Big yellow machines move earth today, but soon they may also move bits to
improve productivity and reduce cost thanks to the Internet of Things and edge
computing. Imagine a construction site with dozens of pieces of equipment. The
construction company wants to know how productive the equipment is, such as
how many hours it operates, how many loads it lifts, and precisely how it
traverses the site. The company also wants to know how well the various
components of each equipment piece is performing: are the bearings in the
wheels vibrating? Is the hydraulic pump overheating? With this knowledge, the
company can avoid over- or under-provisioning equipment and minimize downtime
for unneeded periodic maintenance or unexpected machine failure.
To implement this vision, the construction company could deploy an
edge-computing node onsite connected to a Microsoft Azure Cloud via a slow and
expensive satellite link. Various sensors on each machine use a local wireless
technology to send data to the edge-computing node, which handles the bulk of
analysis locally to minimize processing latency and uploads only selected data
to minimize bandwidth use.
Taking this vision one step closer to reality,
have developed a secure edge-computing solution that ties together edge
technologies I’ve blogged about this past year. This solution is easy
to deploy, resistant to attack and reduces processing latency. As such, it
addresses key concerns holding back IoT deployment and creates new market
opportunities, ushering in the new secure and responsive IoT era.
Once considered to be at odds with each other, provisioning ease and security
are now aligned in the collaborators’ solution. As in the insecure era,
IoT nodes and gateways are simply plugged in and turned on. But now, the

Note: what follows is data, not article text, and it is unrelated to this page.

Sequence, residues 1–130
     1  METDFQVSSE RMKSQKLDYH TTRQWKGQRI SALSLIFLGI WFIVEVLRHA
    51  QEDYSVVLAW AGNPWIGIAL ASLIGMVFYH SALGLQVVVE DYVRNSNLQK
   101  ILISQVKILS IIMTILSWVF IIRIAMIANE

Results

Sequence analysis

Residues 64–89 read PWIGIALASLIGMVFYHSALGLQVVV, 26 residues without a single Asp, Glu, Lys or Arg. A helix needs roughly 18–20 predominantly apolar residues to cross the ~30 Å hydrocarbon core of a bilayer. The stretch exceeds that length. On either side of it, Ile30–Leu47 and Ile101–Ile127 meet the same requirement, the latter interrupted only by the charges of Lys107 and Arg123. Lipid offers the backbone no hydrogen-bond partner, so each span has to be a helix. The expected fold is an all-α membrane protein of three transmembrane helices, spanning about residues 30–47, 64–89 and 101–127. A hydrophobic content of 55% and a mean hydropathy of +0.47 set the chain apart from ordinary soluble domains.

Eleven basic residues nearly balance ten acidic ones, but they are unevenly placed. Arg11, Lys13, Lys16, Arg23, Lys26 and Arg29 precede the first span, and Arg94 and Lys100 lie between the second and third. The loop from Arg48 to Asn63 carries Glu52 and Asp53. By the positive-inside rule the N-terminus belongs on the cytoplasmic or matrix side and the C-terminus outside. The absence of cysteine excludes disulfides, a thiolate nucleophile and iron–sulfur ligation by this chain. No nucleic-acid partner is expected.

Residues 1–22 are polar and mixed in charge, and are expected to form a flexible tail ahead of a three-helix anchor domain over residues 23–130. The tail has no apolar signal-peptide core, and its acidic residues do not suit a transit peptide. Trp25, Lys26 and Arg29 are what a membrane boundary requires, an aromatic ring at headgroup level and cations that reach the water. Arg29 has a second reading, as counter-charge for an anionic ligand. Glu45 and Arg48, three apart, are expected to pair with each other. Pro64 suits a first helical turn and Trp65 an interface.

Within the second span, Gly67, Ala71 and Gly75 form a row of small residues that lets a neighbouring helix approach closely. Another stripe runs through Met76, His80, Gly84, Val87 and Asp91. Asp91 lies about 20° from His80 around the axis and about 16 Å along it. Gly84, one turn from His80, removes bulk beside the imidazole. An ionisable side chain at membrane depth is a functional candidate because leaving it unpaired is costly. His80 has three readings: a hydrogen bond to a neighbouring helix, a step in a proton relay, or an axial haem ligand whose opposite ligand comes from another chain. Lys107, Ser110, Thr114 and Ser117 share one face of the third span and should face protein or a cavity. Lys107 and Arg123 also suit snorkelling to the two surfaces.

gateway boots securely, autonomously and securely registers with the cloud,
and downloads from the cloud the containers providing the services hosted
locally. It’s these services that elevate the gateway to a
fully-fledged edge-computing node. Constrained in capability compared with the
gateway, the IoT leaf nodes have a simpler startup process but still must
authenticate themselves, which they do with the gateway before coming online.
Here’s a video demonstrating all of this in action.
To make this all work, the gateway must securely manage keys and communicate
with the cloud. To keep everything working securely, the gateway must
continually monitor the integrity of its code and data while it runs. Such
real-time integrity checking is a key part of the new solution. This video
shows an attacker injecting code into the edge-computing container. Detecting
this attack, the gateway displays a notification and restarts, relying on the
secure boot process to purge itself of the foreign code.
A key benefit of edge computing generally is the reduction in processing
latency by running cloud services close to the IoT leaf nodes. This solution
Microsoft’s Azure IoT Edge, a service that delivers cloud
capabilities at the edge. The edge-computing nodes are not unanchored but instead
cooperate with services hosted in the Azure data center, forming a hybrid cloud.
This yields additional benefits.
Companies can manage IoT and edge/gateway nodes from the cloud. IoT
applications run even when nodes have intermittent WAN connectivity, relying
solely on the local edge node for cloud services. With data digested locally,
less needs to be transmitted over the WAN to an Azure data center. With its
greater capacity, the data center can accumulate received data and perform
larger scale analysis than the edge-computing nodes.
Enabled by the ease of use of solutions like that collaboratively developed by
NXP, Microsoft and Sequitur and not deferred owing to security concerns,
innumerable other uses will emerge for IoT and edge-computing technologies
beyond the construction-site example. NXP is pleased to collaborate with
Sequitur Labs on enabling these platform-trust capabilities for system
developers and with Microsoft on edge computing. For their take on this new
see securing-the-intelligent-edge. The three companies are ready to plow
forward with customers ready to dig
into secure IoT and edge computing.
Readers of my other
will have a good idea of NXP’s role in this collaboration. We make the
secure processing hardware. The demonstrations above use the company’s
processor. It’s the entry-level processor in the Layerscape family,
less costly than other Layerscape processors owing to reduced “speeds
and feeds” but without skimping on compatibility and security. It is a
64-bit Arm V8 processor with cryptography accelerators and implementing
NXP’s Trust Architecture. Arm compatibility means the Arm ecosystem is
available to system developers, including standard Linux distributions and
Azure IoT Edge. Accelerated cryptography enables secure SSL or IPsec
connections to the cloud without unduly robbing IoT applications of CPU
cycles. The Trust Architecture enables platform security features, including
the secure boot and runtime integrity checker discussed above.